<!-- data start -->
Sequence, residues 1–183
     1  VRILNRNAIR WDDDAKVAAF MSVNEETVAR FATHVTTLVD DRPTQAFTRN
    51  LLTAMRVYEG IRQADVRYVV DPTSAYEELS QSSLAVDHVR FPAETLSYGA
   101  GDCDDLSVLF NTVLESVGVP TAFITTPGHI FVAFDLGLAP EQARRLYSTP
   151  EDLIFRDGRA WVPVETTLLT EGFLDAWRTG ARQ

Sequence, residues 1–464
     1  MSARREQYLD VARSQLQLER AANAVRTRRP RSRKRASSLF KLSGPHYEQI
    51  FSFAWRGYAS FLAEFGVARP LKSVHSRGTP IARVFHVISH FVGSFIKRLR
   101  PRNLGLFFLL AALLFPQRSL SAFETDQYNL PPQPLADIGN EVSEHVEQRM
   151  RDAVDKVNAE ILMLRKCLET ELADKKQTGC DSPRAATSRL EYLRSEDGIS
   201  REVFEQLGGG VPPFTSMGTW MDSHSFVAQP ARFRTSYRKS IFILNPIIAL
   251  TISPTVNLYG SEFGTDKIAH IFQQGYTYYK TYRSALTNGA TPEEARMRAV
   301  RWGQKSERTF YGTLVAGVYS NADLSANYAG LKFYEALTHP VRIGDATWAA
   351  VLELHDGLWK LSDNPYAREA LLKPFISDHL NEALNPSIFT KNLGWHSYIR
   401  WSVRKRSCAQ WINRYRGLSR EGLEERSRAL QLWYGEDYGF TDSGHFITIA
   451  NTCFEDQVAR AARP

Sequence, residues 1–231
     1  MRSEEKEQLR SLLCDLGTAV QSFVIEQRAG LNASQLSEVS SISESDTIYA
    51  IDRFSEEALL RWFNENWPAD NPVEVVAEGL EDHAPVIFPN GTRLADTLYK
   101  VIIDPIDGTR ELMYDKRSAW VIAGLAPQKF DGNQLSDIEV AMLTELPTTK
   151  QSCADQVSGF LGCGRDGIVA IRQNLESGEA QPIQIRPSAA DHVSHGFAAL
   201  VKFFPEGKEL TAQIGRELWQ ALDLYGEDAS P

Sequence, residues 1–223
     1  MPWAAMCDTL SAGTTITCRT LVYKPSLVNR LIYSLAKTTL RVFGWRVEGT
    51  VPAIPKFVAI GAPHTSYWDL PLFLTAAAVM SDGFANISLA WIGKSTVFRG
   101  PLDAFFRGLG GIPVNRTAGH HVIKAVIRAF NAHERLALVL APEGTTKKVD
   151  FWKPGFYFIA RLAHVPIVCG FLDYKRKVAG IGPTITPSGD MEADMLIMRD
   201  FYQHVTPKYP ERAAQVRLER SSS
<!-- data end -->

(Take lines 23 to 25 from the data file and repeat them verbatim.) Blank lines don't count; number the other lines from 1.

Sequence, residues 1–223
     1  MPWAAMCDTL SAGTTITCRT LVYKPSLVNR LIYSLAKTTL RVFGWRVEGT
    51  VPAIPKFVAI GAPHTSYWDL PLFLTAAAVM SDGFANISLA WIGKSTVFRG